★ You don’t really need to take all of that crap on the plane. I mean you really don’t. You can barely get at it if you fly in coach – what, with all of that spacious one foot of leg room and a seat mate who is four times your size. Take a good book (or magazine) your iPod and ONLY absolute necessities (like prescriptions, eyeglasses, tampons, cell phone, whatevs.) You can always buy stuff whenever you get to where you’re going. I don’t think you’ll need to re-apply your lipgloss 50x on your 15 hour flight, chiquita, sorry, but you’ll be just as grody and disgusting as the rest of us once that recycled air gets into your pores. If you ABSOLUTELY must have it, put it in your checked bag, like if you want to follow my bad example of stuffing your favorite shampoo into your already overstuffed luggage. Just wait to buy it there. That way you can lighten your load, and not worry about liquids while you go through the TSA lines or anything potentially leaking all over your checked bag.

★ I guess as far as airline food goes, American Airlines had the best. We had pizza (which was actually really really good) and Thai Chicken & rice with ginger carrots. United would come in second – they gave us instant ramen for the “light snack” on my first trip to Japan. I forget what we had, but I definitely didn’t find it disagreeable. Northwest’s food was comparable to United’s and.. well.. Delta’s food was just.. unappetizing at best. Just take some breakfast bars or something on the plane. Since it’s such a long flight, it’s hard to not eat anything.. but some of that airline food man… it’s gross, but you HAVE to eat something on that 12 hour flight.

★ Bring a scarf, sweater or hooded sweatshirt to wear on the plane. It gets super cold when you're 36000 feet above the Bering Sea. Also, wear something comfortable. I mean, you don’t have to look like a total piece of trash (I.e. your dirty old UGGs and sweats that are cut up beyond recognition. We aren’t going to go cheat on our Soc001 test at PSU, ladies. This is international travel. Who knows who you’ll meet? You need to look comfortably gorgeous.). I wore a dress made of cotton jersey, black leggings and a cardigan sweater. I brought along my fringed square scarf for extra warmth and black flats because they are easy to slip on and off at security checkpoints. I guess the other thing not to wear (besides your gross boots and massacred sweatpants) would be any super conspicuous jewelry or accessories. There’s a pretty good chance if you go around flashing your Fendi luggage and aren’t super reverent over it it’ll get stolen. Especially at a place like JFK… wretched hive of scum and villainy.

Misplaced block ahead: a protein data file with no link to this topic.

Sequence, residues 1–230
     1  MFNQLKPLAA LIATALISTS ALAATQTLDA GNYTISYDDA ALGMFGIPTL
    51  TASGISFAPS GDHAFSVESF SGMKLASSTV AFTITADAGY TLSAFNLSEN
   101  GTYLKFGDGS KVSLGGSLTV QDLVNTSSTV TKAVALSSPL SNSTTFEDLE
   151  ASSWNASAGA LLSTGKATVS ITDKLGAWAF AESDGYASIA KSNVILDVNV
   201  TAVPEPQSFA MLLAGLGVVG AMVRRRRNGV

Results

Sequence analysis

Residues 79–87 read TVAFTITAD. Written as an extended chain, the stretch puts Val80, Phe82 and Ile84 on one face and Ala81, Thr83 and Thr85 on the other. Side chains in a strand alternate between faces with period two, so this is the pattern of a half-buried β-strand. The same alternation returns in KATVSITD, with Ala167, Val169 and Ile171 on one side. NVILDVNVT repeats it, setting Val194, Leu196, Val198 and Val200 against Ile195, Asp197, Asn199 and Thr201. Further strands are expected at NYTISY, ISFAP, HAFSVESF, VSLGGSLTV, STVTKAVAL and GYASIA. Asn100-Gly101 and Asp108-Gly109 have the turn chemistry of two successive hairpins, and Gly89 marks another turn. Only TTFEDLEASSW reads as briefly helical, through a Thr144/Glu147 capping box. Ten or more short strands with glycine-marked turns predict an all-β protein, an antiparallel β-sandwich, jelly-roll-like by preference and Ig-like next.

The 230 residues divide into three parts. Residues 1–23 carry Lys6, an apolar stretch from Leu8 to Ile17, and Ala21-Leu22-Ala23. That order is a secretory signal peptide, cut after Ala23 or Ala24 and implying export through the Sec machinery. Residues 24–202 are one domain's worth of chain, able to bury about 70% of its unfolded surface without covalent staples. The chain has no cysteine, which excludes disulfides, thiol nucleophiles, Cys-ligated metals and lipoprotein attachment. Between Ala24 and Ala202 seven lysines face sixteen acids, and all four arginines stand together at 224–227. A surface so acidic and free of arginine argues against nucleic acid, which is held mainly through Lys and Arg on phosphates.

★ So far, I’ve flown on United, Northwest, Delta and American Airlines to Japan. I’ve joined all the frequent flier programs and somehow I still don’t have enough miles to do anything worthwhile. I guess I just haven’t flown around the world enough times to be deserving of redeeming award travel yet. I guess it’s a good idea to join, though. It makes check-in easy and also if you need to change your reservations and you booked through a third party (like… expedia or orbitz) it makes things slightly easier. You can also sign up for up-to-date flight notifications, that can be sent right to your phone, just in case they decide to change the time of departure or just completely cancel on you. Remember – these companies are all basically bankrupt and they will do ANYTHING to save a dollar. Even straight up lie to you and say the weather is bad in order to cancel a not-full flight to Pittsburgh so they can throw you on standby in the morning *cough*Delta*cough*. Also, if you do end up missing a flight or need to like.. re-book or whatever, think about making fights with more than one connection. It’s an easy way to rack up your miles and re-enact the John Candy classic: “Trains, Planes, and Automobiles.”

★ Be nice to your flight attendants. Say “Please” and “Thank you.” They appreciate it!!

Finally, use your good common sense, be safe, stay hydrated, don’t overpack, if you can help it avoid JFK (have you noticed I don’t like that airport?) and O’Hare (not at peak travel times, anyway) at all costs, and most importantly, have fun. Traveling is fun! You’re up in the sky! How many times do you get to fly like a bird?! You get an awesome view, you get to sample the rare delicacies of airplane food, flip through the duty free catalogs, watch the in-flight movies and TV shows. kick back, take your shoes off, put that tray table down and recline your seat! It’s gonna be a good flight!